Matt Heafy Names One Important Problem Trivium Faced, Recalls Hearing Metallica’s ‘Black Album’ for the First Time. tt

“I’m like, ‘Screw guitar, I’m done with guitar.'”

Matt Heafy Names One Important Problem Trivium Faced, Recalls Hearing Metallica's 'Black Album' for the First Time

Matt Heafy, the frontman and leader of modern metal band Trivium, reflected on his career and explained a particular challenge that his band faced due to their blend of hardcore and metal.Matt joined Trivium at a very young age. He was only 13 and, although not the original member in a way, he continued carrying this name and making a big thing out of it (kind of like Mikael Åkerfeldt with Opeth). These were the late 1990s and the early 2000s and metal music was going into unexpected directions. So unexpected that young musicians even dared to do the unthinkable — blend hardcore with metal.Jokes aside, Matt opened up on the problems of fitting in, both on the personal and musical level. In a recent podcast episode of the “Origin Story” for Fishman Electronics, he and Polyphia’s Tim Henson reflected on how it was tough for young Japanese-Americans to fit in, comparing this issue to Trivium’s problems of fitting in with the right audiences.

Matt Heafy Recalls Reaction to Kirk Hammett Performing in Trivium T-Shirt & Getting Metallica Guitarist to Change the Pick He's Using | Ultimate Guitar“When I grew up, I was always too white for the yellow kids, too yellow for the white kids,” said Matt (transcribed by Ultimate Guitar). “I would try to hang out with all the Asian kids and be like, ‘Hey, man, you’re not you’re not full Asian.’ And then the white kids be like, ‘Oh, what are you?'”

In some ways, this was a similar problem Trivium faced after daring to step into the then-new world of metalcore. He continued:

“And later on, it was like foreshadowing for the band. Like we were always too metal for the hardcore and too hardcore for the metal kids, so it’s this constantly not fitting in.”

The band evolved over the years, gravitating more towards the metal side of metalcore. Nonetheless, Matt and his band were dead-set on achieving their dream, and the first record, “Ember to Inferno,” was released when he was still a teenager.

And this combination of genres is what eventually helped Trivium stand out, and the same could be said about Tim Henson and Polyphia who are also unique in their own way.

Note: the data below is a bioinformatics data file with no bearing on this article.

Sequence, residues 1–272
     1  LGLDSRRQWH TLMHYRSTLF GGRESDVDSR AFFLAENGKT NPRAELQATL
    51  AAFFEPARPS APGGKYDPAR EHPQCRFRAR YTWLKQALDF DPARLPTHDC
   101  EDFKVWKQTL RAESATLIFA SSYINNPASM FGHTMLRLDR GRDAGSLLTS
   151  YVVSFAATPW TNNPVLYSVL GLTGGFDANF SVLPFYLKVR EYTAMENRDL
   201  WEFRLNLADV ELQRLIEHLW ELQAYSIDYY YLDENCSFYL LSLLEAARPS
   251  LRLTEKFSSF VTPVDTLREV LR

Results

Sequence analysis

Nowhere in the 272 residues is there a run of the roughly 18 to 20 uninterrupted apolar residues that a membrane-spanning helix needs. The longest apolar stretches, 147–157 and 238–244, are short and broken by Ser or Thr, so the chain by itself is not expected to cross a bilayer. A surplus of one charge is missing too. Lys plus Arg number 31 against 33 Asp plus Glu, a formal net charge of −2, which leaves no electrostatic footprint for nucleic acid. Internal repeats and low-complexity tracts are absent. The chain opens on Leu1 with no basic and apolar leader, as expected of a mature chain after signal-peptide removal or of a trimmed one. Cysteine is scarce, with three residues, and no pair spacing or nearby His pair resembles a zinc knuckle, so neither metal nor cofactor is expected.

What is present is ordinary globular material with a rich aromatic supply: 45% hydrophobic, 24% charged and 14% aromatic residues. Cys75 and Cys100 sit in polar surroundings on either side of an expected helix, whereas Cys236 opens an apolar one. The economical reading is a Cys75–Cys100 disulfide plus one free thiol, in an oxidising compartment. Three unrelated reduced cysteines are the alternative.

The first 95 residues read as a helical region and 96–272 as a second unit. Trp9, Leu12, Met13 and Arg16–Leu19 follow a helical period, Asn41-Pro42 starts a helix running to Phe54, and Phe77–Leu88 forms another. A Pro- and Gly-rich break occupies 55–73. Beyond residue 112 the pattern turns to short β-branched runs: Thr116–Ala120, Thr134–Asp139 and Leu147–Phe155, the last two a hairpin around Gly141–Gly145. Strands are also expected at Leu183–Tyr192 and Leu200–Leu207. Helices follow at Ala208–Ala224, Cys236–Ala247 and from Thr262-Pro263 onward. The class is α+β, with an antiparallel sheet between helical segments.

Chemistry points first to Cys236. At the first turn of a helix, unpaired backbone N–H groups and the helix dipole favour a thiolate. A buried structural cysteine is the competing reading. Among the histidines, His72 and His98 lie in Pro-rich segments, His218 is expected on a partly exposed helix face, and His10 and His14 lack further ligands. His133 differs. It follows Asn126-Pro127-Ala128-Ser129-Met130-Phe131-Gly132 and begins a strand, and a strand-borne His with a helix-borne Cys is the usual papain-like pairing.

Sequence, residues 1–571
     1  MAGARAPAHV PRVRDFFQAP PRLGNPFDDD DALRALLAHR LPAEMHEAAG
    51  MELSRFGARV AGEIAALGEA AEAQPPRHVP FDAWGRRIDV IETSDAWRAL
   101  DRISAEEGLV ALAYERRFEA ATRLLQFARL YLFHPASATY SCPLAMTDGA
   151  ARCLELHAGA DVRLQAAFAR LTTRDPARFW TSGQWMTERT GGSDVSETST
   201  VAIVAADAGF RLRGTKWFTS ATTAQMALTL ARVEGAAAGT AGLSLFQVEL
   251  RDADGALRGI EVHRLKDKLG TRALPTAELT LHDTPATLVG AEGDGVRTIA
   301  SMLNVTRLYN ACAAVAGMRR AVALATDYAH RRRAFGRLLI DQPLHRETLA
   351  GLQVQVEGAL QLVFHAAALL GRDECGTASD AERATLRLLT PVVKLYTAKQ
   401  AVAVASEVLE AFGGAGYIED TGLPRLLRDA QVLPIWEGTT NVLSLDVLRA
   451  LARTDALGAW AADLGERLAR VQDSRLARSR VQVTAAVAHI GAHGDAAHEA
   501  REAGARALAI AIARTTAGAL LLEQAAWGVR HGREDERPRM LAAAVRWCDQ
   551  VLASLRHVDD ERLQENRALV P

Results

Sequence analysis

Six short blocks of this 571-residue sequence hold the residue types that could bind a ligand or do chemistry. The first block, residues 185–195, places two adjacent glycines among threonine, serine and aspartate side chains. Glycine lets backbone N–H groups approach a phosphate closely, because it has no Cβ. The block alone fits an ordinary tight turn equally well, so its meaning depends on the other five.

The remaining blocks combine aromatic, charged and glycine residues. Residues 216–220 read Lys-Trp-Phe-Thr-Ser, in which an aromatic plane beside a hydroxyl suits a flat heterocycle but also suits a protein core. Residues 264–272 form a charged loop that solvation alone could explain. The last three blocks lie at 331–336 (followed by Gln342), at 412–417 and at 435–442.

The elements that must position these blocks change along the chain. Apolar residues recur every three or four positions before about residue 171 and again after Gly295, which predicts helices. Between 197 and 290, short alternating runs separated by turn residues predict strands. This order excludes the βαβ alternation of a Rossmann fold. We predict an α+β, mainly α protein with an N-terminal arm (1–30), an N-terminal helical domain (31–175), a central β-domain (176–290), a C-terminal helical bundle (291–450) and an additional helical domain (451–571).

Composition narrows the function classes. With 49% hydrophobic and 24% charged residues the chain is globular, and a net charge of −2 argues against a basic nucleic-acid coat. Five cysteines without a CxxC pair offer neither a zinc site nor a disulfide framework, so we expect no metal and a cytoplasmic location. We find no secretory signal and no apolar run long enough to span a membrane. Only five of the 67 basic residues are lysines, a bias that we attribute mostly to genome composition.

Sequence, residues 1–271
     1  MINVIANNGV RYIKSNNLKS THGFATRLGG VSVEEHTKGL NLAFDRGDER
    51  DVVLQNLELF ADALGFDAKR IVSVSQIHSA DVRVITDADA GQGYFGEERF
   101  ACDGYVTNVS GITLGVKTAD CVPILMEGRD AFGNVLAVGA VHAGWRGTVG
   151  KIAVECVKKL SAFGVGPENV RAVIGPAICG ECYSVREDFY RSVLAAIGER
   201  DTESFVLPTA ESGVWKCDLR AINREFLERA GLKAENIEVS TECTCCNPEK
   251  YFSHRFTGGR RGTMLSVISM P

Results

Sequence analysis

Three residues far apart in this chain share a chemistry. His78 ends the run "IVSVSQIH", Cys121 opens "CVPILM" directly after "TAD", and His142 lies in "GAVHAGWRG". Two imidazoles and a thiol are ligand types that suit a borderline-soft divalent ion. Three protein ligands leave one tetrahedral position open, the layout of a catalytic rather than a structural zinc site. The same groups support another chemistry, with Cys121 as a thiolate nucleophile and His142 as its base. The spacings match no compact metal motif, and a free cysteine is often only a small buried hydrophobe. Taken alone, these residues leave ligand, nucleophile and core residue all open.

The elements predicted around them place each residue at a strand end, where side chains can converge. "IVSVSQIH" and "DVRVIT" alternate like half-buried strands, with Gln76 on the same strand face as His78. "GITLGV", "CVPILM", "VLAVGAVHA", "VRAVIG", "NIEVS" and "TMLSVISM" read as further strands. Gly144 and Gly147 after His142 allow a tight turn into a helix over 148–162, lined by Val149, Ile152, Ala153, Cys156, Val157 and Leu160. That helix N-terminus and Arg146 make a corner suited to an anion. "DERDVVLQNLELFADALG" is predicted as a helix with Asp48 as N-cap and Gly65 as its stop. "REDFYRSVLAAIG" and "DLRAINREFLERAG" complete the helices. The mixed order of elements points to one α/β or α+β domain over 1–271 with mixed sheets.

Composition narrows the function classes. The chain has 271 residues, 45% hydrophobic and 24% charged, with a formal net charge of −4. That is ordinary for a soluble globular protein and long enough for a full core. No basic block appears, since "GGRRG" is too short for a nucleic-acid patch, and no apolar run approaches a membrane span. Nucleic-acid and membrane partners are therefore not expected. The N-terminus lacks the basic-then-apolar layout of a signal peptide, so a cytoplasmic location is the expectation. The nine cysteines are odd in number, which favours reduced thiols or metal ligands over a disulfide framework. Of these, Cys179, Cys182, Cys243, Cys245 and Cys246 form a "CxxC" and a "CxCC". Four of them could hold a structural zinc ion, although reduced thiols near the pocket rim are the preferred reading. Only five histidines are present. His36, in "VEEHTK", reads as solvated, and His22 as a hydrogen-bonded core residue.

“I think that’s kind of what drove you and I to find these things that end up becoming so unique,” Matt said to Tim. “I feel like when people hear you or when people hear me, they’re like, ‘Oh, I know who that is.’ Which is really cool.”

But no matter what, Matt wouldn’t ever be able to achieve his dream of being a professional musician playing music that he actually loves if he didn’t nurture his work ethic. After starting on his guitar journey and joining Trivium before he was even 13, he approached the whole thing as a profession. And it was all thanks to his father:

“Once he saw I had interest in the band — because I joined Trivium at 12-and-a-half… At 13, he started a production company. I was in this thing called OJT — On the Job Training was one of the classes in high school where I could go to my work at the end of the day and take a whole class period for that.”

“But we would log hours. He’d sign off as my boss, but I’d have to log those hours on guitar. So I’d have to sit there, and we timestamp, basically. Alright, you logged into work — practice guitar. Practice guitar seated, standing, practice your metal songs.”

As it usually goes with Boomer dads, there’s always classic rock and hard rock with the usual big names. And it was the same case with Matt’s father:

“My dad always had classic rock playing, and he played guitar a little bit. He loved Led Zeppelin, Boston, Van Halen — those were usually playing. And once I took an interest in metal through Metallica…”

Well, there was stuff before he got into Metallica, and he even wanted to quit altogether:

“First, I tried out for a pop punk band with ‘Dammit’ by Blink-182 when I was 11. It was like ‘Guitars is a cool thing to do, pop punk is basically every kid listened to in Central Florida. I tried out for this band. Thought I made it, they never called me back. I’m like, ‘Screw guitar, I’m done with guitar.'”

Fortunately for Matt, he got around to hearing Metallica’s self-titled record, also known as “The Black Album.” Not only did it change his perspective on music, but it kept him going, and, well — here we are! Matt added:

“And then a kid lent me ‘The Black Album.’ I was like, ‘Oh, I want to copy those sounds.’ I sat in the woodshed until I could do that. And then got in Trivium from there.”

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